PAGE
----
DALLAS — After a decade of waiting, the Margaret Hunt Hill bridge is now a reality, as people from around the world gather in Dallas to celebrate the newest icon of the city's eclectic skyline.
It is also the city's first new span over the Trinity River in decades.
The bridge may just look like an arch from afar, but get anywhere near it — especially under it — and you will see pure art — a vision realized after years of planning.
The project cost $182 million. World famous architect Santiago Calatrava designed the bridge, and we'll see his mark in the future, too.
Thousands of people took the opportunity to get an up-close look at their new bridge on Saturday, including the man who designed it. Calatrava told News 8 he'd like to keep working for Dallas.
Originally, he was to design two other complimentary bridge sover the Trinity River, but rising costs and other delays have scaled down the project — and Calatrava's role.
He still has a hand in designing the second bridge, which will replace the current Interstate 30 span and will include its own signature arch. Our first look at plans for the I-30 bridge are expected to be unveiled next week.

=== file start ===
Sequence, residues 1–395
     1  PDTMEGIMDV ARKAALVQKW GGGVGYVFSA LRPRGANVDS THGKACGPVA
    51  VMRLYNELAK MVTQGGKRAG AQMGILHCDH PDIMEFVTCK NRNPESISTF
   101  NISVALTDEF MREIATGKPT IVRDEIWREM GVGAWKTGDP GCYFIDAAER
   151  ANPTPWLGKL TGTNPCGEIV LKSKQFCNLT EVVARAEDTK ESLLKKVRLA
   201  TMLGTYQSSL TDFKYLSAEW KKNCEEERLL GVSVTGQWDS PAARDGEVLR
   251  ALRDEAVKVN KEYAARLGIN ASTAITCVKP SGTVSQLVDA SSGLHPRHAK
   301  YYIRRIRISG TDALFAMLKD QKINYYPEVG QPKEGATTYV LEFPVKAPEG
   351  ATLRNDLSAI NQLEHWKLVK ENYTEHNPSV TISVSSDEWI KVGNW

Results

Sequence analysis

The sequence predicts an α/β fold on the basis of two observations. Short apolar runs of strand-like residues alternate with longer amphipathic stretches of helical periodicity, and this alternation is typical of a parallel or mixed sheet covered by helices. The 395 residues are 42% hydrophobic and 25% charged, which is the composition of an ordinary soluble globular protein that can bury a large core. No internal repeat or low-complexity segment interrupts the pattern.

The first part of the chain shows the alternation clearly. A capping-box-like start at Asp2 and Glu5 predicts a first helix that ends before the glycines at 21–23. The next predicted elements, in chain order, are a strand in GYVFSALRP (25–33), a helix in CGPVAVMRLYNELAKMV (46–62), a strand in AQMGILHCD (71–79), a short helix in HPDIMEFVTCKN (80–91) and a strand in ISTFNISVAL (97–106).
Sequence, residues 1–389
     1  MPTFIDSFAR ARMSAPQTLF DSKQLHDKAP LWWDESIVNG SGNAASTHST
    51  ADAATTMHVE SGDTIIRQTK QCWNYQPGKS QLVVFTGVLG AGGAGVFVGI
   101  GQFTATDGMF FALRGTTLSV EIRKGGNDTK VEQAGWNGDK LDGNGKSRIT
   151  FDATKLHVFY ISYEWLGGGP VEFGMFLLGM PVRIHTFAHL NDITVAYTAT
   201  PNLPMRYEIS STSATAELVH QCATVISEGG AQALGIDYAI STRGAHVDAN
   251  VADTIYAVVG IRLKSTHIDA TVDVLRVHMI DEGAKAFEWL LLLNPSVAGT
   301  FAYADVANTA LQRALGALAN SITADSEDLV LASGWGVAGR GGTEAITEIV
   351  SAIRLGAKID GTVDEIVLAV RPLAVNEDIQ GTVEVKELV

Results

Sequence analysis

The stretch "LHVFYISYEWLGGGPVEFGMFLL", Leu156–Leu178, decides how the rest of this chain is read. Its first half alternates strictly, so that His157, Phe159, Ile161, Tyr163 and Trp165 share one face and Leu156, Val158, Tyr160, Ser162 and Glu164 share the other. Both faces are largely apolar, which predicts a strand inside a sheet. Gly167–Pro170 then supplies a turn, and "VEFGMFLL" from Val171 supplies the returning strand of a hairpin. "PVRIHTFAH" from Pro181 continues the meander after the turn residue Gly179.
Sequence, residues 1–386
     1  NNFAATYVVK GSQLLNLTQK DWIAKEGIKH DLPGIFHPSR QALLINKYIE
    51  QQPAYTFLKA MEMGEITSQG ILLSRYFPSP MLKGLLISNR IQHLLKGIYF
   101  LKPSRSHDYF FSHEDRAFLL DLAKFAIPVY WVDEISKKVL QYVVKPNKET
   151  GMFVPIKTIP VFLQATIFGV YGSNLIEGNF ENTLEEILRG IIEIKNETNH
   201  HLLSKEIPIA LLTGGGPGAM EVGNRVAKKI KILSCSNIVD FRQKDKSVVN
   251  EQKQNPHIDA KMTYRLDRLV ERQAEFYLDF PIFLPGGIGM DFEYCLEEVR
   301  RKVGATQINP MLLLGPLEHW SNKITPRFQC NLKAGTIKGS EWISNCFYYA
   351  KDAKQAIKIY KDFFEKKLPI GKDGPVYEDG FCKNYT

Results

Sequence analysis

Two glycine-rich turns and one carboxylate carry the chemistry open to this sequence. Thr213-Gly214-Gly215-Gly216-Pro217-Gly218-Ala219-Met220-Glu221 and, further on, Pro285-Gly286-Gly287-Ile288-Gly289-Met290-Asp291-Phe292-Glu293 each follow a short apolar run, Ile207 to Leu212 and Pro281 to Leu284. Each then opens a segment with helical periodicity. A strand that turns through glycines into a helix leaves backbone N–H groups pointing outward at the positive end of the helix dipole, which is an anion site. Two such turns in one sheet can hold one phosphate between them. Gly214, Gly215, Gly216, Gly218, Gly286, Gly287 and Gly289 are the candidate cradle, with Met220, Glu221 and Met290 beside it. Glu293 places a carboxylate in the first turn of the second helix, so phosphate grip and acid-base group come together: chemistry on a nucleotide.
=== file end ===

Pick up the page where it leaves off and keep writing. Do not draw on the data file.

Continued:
But plans for the third bridge, for Interstate 35E, are not yet final, and city leaders say it's unlikely the city can afford another Calatrava design.
That is disappointing to the Spanish architect, who said he'd like to design the third and finish the vision that was hatched nearly 15 years ago.
"It is necessary, I think, to do at least a third piece, who will, of course, complement," Calatrava said. "They have to be like sisters speaking with each other."
No architect or design has been selected for the third span, although the state says it does have the $818 million needed to build the next two bridges.
Construction on the second bridge could start as early as next year, but the fact remains that the Margaret Hunt Hill Bridge is not yet ready for vehicles. That should come before the end of the month.